America’s heritage is enriched by generations of immigrants from Asian and Pacific Island nations. Our tradition of celebrating this heritage during the month of May began as a way to commemorate two milestones: the immigration of the first Japanese to the United States on May 7, 1843; and the completion of the transcontinental railroad on May 10, 1869 by a workforce largely made up of Chinese immigrants.
According to the National Endowment for the Humanities, a 14-year-old fisherman named Manjiro is considered America's first Japanese immigrant, arriving in the country by way of a whaling ship in 1843. Reportedly the boy and his crew were caught in a storm at sea, washed up on an island far from home, and rescued by an American whaling ship led by Captain William Whitfield. Whitfield adopted Manjiro and brought him to America. Manjiro later returned to Japan, was honored as a samurai, and served as an emissary between Japan and the U.S.
As many as 20,000 Chinese immigrants endured inclement weather, explosions, landslides, disease, unfair wages and racism to help build the section of the Transcontinental
Railroad that stretched from Sacramento through the Sierras to Utah. Chinese laborers astounded railroad leaders by laying ten miles of track in a single day so the railroad company could meet its deadline. While Leland Stanford praised their work in his message to President Andrew Johnson, it was to no avail. Ironically, their essential role in the railroad was not only ignored but after its completion, anti-Chinese sentiment grew and persisted. The Chinese Exclusion Act of 1882 prohibited Chinese laborers from entering the U.S. and placed restrictions on those already here, and the Chinese were prohibited from becoming U.S. citizens until 1943.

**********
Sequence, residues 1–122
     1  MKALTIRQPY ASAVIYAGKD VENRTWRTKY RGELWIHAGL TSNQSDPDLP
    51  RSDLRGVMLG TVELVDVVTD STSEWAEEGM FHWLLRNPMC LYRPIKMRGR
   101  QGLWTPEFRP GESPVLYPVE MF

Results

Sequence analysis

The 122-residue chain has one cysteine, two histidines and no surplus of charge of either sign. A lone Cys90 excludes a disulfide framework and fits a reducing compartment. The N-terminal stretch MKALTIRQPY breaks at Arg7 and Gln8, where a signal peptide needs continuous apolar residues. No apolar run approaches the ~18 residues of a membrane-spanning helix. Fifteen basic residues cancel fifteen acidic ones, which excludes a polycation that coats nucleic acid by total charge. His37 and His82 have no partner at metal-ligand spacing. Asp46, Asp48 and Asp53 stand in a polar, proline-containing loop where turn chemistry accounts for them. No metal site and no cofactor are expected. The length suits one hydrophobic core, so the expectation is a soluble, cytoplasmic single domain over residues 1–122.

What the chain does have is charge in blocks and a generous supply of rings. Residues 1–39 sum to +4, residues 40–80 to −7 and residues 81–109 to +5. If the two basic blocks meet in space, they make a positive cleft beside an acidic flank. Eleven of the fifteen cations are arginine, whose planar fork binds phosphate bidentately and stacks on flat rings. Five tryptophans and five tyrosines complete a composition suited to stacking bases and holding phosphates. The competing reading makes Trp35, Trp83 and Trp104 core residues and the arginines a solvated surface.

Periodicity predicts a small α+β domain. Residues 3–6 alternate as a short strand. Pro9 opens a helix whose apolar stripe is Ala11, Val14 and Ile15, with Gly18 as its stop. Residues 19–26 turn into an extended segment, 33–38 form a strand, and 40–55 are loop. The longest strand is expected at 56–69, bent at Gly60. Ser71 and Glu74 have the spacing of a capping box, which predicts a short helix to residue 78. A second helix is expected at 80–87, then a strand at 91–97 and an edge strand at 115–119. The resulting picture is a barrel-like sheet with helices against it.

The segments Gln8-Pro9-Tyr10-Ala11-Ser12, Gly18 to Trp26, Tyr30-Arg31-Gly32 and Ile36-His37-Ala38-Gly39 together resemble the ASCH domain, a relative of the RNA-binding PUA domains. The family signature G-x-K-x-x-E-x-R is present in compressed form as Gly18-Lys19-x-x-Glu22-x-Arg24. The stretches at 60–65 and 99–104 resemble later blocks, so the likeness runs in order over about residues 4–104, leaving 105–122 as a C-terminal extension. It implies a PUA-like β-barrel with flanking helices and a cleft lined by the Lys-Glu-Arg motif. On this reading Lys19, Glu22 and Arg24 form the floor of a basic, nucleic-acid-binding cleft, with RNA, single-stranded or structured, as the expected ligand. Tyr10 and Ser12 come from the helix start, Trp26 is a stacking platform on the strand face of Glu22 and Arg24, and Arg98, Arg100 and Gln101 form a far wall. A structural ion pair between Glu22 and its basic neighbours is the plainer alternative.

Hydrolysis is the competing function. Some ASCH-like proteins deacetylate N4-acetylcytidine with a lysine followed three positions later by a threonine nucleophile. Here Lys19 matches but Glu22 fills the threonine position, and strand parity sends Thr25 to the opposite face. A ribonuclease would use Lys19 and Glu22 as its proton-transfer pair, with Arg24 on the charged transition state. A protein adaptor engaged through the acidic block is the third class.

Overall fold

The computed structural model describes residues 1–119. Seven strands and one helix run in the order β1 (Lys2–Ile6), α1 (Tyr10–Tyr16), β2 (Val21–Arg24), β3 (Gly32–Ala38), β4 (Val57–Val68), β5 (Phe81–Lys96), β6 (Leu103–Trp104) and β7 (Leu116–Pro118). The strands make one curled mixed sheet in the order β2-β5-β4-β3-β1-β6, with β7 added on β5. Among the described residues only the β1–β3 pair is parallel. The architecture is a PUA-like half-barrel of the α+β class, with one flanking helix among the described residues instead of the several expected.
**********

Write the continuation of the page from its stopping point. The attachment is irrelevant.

Looking back, we must acknowledge the challenges faced by people who came to America for the promise of liberty, justice, and the opportunity to build a life for themselves and their families.
Looking forward, we must heal past wrongs, embrace equity, and celebrate the wide-ranging contributions of Asian/Pacific immigrants to our nation through the arts, sciences and humanities.
Please join us to explore and celebrate Asian/Pacific Islander Heritage month:
We are honored to feature Asian/Pacific immigrants in our docuseries, Stories from the Past. Enjoy our films, available free and on-demand.
Visit our local independent bookstore, BookSmart of Morgan Hill, to find historical nonfiction and fiction by leading Asian/Pacific authors.
Santa Clara County Public Library District:
Asia Pacific American Heritage: